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AAAS Workshop Applications due January 31

Posted by on Tuesday, January 14, 2020 in ASPIRE, Career Development, Graduate Leadership Institute, Graduate School, Opportunities, Vanderbilt Office of Federal Relations.

The American Association for the Advancement of Science (AAAS) is hosting a workshop in Washington, DC, about science policy. Vanderbilt University will be selecting up to 4 graduate students to attend. Registration costs, lodging, and airfare for selected students will be fully paid, thanks to sponsorship by the Vanderbilt Graduate School, the Russell G. Hamilton Graduate Leadership Institute, the BRET Office of Career Development ASPIRE Program, and the Vanderbilt Office of Federal Relations.

American Association for the Advancement of Science (AAAS)
Catalyzing Advocacy in Science and Engineering (CASE) Workshop
March 29 – April 1, 2020 in Washington DC

Participants will learn about Congress, the federal budget process, policy-making, and tools for effective civic engagement. The day after the workshop, students can opt to accompany Vanderbilt Office of Federal Relations staff to conduct meetings with their elected Members of Congress and congressional staff.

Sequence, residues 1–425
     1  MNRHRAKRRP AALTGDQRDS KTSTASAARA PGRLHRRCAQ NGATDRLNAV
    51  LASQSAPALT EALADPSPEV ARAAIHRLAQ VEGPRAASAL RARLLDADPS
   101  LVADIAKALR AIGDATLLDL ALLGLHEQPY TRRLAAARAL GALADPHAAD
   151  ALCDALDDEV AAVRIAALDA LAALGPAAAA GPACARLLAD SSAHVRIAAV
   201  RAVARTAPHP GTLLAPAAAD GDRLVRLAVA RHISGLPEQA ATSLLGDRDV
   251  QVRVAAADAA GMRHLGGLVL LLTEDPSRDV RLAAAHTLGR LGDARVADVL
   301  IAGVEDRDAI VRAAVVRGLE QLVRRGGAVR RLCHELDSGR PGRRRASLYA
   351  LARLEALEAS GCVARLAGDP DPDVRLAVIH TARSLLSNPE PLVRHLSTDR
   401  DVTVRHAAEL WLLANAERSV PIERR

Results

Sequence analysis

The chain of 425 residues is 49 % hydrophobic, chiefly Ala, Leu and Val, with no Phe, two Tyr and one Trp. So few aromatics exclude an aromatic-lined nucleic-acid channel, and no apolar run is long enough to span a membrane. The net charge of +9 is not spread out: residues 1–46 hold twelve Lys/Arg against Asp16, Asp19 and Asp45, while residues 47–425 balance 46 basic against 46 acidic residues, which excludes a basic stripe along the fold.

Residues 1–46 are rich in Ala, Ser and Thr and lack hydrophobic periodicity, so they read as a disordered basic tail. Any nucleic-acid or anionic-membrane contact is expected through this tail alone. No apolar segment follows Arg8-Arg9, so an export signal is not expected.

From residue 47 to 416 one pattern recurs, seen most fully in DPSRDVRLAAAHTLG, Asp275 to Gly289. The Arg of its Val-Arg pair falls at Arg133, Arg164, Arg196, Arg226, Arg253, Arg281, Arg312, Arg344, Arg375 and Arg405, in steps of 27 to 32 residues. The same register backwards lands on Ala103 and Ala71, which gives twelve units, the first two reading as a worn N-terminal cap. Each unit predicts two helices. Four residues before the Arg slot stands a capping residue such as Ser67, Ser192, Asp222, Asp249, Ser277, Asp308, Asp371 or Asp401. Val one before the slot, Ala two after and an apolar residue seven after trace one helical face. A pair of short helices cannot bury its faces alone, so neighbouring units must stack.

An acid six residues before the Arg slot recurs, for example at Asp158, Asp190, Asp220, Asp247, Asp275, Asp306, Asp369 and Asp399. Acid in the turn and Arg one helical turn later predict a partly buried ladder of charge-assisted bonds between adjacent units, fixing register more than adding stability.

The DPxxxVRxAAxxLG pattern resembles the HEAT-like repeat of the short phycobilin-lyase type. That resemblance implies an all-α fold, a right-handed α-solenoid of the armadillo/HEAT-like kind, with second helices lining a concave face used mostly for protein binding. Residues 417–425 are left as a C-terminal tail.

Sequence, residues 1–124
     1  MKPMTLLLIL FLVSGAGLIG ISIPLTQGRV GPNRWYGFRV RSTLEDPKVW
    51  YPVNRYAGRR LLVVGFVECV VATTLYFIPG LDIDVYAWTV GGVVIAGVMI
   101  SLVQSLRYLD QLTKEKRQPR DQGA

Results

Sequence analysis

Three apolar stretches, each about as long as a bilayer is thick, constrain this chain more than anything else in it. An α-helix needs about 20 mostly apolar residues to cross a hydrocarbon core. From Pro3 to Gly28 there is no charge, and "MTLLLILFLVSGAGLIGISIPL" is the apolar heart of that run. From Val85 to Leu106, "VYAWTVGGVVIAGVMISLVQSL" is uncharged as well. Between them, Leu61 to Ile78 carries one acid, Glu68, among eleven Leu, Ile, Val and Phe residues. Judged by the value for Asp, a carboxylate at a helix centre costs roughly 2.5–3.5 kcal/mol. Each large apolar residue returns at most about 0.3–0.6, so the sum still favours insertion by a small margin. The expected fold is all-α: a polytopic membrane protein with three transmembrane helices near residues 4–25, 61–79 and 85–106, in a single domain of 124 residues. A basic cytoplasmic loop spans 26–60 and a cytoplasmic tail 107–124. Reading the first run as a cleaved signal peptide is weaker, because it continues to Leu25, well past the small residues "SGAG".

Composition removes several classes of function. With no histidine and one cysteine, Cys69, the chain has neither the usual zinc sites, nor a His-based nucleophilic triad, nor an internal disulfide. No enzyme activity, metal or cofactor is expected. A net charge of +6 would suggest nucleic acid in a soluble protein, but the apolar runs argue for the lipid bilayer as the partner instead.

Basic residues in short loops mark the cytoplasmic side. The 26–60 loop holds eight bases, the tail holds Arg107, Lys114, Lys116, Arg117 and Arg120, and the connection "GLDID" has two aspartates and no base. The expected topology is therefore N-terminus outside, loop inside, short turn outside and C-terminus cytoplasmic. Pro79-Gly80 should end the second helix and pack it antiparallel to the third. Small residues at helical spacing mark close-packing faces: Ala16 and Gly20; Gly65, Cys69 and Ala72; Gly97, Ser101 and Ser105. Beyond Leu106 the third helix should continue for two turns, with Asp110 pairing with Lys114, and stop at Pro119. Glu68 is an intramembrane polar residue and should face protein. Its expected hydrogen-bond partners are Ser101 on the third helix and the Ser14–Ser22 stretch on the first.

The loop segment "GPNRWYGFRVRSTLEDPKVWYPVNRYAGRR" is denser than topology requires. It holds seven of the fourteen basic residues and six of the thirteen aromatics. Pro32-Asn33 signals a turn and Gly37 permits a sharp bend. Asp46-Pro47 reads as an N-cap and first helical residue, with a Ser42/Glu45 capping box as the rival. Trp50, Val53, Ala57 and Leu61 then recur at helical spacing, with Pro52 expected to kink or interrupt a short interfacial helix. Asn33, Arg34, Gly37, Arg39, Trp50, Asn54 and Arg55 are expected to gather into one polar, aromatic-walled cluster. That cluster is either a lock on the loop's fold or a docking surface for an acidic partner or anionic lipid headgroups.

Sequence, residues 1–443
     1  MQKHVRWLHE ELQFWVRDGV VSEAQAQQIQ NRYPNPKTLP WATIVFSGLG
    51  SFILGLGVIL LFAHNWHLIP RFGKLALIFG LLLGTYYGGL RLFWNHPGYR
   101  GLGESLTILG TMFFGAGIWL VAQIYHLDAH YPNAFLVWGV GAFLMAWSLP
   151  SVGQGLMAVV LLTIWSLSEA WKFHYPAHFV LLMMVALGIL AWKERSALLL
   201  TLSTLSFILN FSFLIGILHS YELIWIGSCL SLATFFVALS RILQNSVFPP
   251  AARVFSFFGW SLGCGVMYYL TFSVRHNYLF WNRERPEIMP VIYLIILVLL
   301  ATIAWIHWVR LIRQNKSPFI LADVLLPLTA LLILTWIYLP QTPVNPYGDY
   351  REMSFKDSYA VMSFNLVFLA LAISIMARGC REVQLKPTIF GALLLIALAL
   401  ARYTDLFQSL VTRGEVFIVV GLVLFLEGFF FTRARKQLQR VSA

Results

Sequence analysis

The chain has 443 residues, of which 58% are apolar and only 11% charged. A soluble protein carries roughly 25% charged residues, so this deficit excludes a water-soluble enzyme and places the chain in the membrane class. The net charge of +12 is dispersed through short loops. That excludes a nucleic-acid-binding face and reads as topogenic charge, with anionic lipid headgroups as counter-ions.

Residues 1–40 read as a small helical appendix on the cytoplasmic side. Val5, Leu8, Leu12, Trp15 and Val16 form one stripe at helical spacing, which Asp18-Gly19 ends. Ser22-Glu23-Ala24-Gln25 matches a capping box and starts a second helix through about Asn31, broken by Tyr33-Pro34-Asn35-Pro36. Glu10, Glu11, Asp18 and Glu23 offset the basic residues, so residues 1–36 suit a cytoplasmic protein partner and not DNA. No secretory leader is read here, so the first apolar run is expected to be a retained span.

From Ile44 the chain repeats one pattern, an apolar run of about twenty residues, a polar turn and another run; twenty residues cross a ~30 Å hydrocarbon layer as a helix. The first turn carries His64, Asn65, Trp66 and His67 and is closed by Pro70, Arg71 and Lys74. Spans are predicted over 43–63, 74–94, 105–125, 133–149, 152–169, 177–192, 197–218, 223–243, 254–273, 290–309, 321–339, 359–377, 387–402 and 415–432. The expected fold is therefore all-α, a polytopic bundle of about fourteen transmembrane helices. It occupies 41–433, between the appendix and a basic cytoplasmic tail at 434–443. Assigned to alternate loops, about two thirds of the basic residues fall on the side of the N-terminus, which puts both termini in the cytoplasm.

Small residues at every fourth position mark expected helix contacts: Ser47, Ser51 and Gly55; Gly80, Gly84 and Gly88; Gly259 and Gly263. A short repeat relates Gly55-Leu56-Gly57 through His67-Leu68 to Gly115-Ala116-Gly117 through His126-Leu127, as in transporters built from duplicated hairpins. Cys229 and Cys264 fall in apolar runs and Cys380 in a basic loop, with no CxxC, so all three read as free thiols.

All Vanderbilt graduate students from STEM and Social Science disciplines are eligible to apply. Additionally, biomedical students affiliated with the IGP, QCB, IMSD, and MSTP must have passed their qualifying exams by January 31.

Apply by Friday, January 31, at 5:00 pm at:  . You will need:

  • A current CV highlighting your academic/research experience as well as significant leadership and service/outreach activities.
  • A 1-page cover letter (single-spaced, size 11/12 font, 1″ margins) describing your interest in the role of science in policy-making and advocacy, and your career interests. Please address the following questions: Why are you interested in the AAAS CASE program? What experiences have shaped your interest in science and public policy? What do you hope to gain from this experience, and how will it enhance your career development?
  • A 1-2 paragraph, plain language summary of your research. A plain language summary describes research in a non-technical way that can be understood by non-experts.

Questions may be directed to Ruth Schemmer.